Integrated Structural Biology aims to integrate structural knowledge at different resolution levels into specific cellular contexts, with a temporal component, to underpin biomedical sciences. This challenge requires the seamless integration of techniques providing information in different resolution ranges. X-ray diffraction, NMR and electron microscopy are the main contributors to the field. However, the complexity of the biological systems is such that none of these methodologies alone can provide a full picture of the structural, dynamical, and functional properties that are of relevance to biology. The integration of the different biophysical methodologies with the support of the computational methods is thus clearly the strategy of choice to deal with the most interesting biological macromolecules and pathways. Moreover, the scientific and technical progress has allowed for expanding the capability for structural biology to investigate systems not accessible, so far, to conventional methodologies and to characterize the dynamic processes and transient interactions, both inside and outside the cell.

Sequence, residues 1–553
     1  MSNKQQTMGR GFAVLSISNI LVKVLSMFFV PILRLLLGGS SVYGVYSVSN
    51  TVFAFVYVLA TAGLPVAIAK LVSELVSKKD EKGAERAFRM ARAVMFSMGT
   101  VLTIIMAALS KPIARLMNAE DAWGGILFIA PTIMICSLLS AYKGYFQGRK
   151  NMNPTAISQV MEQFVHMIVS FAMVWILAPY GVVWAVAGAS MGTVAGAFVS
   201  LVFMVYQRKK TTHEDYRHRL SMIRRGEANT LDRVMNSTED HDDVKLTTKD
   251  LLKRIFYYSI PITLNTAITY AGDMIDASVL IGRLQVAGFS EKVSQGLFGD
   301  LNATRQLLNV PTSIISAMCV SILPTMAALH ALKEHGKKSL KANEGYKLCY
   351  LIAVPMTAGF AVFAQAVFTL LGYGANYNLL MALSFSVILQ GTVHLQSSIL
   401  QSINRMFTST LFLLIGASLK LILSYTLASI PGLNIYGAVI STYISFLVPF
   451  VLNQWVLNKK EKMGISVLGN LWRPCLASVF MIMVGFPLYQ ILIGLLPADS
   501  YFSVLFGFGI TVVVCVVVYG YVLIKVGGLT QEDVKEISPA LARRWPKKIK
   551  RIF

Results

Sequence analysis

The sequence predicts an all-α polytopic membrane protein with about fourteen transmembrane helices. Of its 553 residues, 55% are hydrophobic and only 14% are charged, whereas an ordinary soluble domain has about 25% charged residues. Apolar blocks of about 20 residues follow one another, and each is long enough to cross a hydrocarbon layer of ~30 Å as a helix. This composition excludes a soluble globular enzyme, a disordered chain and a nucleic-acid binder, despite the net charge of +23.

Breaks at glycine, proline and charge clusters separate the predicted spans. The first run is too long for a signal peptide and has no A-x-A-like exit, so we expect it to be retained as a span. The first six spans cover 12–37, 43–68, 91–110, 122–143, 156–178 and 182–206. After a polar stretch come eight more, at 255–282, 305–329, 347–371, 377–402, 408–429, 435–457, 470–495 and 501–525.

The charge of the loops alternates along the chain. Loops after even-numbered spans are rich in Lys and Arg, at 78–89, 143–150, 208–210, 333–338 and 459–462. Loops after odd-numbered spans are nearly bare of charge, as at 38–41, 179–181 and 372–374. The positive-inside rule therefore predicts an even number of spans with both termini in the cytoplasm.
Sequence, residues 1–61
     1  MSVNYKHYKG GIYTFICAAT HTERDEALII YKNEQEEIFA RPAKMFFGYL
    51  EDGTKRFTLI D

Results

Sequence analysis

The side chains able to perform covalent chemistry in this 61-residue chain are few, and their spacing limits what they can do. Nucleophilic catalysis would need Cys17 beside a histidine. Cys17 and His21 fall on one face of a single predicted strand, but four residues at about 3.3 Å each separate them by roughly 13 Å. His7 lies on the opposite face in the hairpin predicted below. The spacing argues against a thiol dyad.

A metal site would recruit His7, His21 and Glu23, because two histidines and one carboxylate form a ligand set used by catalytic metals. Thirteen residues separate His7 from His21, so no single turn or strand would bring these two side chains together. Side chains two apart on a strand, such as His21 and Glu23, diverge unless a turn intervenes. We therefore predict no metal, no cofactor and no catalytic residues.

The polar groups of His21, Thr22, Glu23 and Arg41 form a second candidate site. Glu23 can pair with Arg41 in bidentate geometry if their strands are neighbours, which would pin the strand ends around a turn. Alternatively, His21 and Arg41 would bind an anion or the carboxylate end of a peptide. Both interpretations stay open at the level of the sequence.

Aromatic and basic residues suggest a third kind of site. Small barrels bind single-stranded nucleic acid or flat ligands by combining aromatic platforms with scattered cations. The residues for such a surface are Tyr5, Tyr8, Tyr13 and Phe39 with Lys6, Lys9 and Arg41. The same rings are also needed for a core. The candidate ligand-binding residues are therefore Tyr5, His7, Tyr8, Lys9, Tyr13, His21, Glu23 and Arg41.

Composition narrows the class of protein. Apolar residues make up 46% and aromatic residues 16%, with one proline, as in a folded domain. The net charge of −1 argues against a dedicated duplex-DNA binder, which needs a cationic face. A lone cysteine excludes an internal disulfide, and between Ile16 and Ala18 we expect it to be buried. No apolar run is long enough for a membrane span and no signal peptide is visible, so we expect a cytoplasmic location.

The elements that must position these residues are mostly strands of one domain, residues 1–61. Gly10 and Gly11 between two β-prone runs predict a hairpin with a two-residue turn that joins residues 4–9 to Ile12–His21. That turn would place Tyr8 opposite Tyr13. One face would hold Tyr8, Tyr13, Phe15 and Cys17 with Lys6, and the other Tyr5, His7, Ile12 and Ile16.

NMR spectroscopy plays a crucial role in the characterization of difficult systems such as largely unstructured proteins, transient protein complexes, fibrils, and protein embedded in matrices.
Solution NMR is an indispensable enabling technology for determining weak and transient macromolecule interactions as well as for characterizing functional processes in solution and also directly in living cells. CERM applies Solution NMR in an integrated structural biology approach for addressing more and more challenging questions. Such approach is for example routinely used to understand cellular pathways at the atomic level. Solution NMR is also largely applied in CERM to reveal the presence of conformational states in solution and to monitor conformational rearrangements in systems composed of multiple domains.
Integrated structural biology approach to unravel copper trafficking in the mitochondrion to assembly CuA site of cytochrome c oxidase. ref: Cell Mol Life Sci. 2010 Aug;67(15):2563-89. e Acc Chem Res. 2018 Jun 19;51(6):1550-1557.
Solid-state NMR spectroscopy is gaining importance as a high-resolution spectroscopy for non-crystalline materials. CERM applies MAS (magic angle spinning) NMR spectroscopy to characterize several non-crystalline samples such as immobilized enzymes, proteins adsorbed on aluminum hydroxide adjuvant in vaccine formulation, PEGylated proteins and Beta-amyloid fibrils. In this regard, the data collected at CERM demonstrate beyond doubt that Aβ(1-40) and Aβ(1-42) can co-fibrillize in a 1:1 ratio.
Structural model of the tetramer of the pegylated asparaginase protein (Chemistry. 2019 Feb 6; 25 (8): 1984-1991. doi: 10.1002 / chem.201804488) with experimental constraints obtained from the analysis of solid-state NMR spectra.